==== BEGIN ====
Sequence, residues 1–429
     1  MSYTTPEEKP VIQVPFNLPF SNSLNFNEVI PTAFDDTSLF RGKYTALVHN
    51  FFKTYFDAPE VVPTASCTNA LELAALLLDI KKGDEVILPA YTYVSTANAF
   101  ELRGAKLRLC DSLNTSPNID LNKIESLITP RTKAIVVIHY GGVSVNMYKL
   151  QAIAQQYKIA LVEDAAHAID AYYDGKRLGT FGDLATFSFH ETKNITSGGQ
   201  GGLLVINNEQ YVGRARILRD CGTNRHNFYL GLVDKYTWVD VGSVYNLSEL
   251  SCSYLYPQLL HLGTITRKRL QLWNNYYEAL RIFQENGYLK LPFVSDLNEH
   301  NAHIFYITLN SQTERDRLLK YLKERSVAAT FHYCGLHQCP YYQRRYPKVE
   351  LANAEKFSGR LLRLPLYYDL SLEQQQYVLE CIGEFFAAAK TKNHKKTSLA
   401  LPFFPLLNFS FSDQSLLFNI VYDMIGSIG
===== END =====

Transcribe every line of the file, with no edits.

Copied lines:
Sequence, residues 1–429
     1  MSYTTPEEKP VIQVPFNLPF SNSLNFNEVI PTAFDDTSLF RGKYTALVHN
    51  FFKTYFDAPE VVPTASCTNA LELAALLLDI KKGDEVILPA YTYVSTANAF
   101  ELRGAKLRLC DSLNTSPNID LNKIESLITP RTKAIVVIHY GGVSVNMYKL
   151  QAIAQQYKIA LVEDAAHAID AYYDGKRLGT FGDLATFSFH ETKNITSGGQ
   201  GGLLVINNEQ YVGRARILRD CGTNRHNFYL GLVDKYTWVD VGSVYNLSEL
   251  SCSYLYPQLL HLGTITRKRL QLWNNYYEAL RIFQENGYLK LPFVSDLNEH
   301  NAHIFYITLN SQTERDRLLK YLKERSVAAT FHYCGLHQCP YYQRRYPKVE
   351  LANAEKFSGR LLRLPLYYDL SLEQQQYVLE CIGEFFAAAK TKNHKKTSLA
   401  LPFFPLLNFS FSDQSLLFNI VYDMIGSIG